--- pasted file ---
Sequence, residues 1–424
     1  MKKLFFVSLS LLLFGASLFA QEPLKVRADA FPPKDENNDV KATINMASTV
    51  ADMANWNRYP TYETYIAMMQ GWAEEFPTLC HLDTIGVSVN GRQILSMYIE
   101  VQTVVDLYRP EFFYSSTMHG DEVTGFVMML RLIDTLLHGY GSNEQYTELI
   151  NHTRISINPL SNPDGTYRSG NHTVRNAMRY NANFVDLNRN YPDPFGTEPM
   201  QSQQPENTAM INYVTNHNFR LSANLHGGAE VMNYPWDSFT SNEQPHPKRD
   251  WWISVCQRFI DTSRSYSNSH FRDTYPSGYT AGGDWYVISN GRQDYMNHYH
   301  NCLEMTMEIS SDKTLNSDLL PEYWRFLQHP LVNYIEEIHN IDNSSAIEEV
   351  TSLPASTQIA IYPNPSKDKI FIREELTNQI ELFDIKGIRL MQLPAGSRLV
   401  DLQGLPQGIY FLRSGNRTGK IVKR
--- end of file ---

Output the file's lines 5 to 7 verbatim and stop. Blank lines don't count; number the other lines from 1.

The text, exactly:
   151  NHTRISINPL SNPDGTYRSG NHTVRNAMRY NANFVDLNRN YPDPFGTEPM
   201  QSQQPENTAM INYVTNHNFR LSANLHGGAE VMNYPWDSFT SNEQPHPKRD
   251  WWISVCQRFI DTSRSYSNSH FRDTYPSGYT AGGDWYVISN GRQDYMNHYH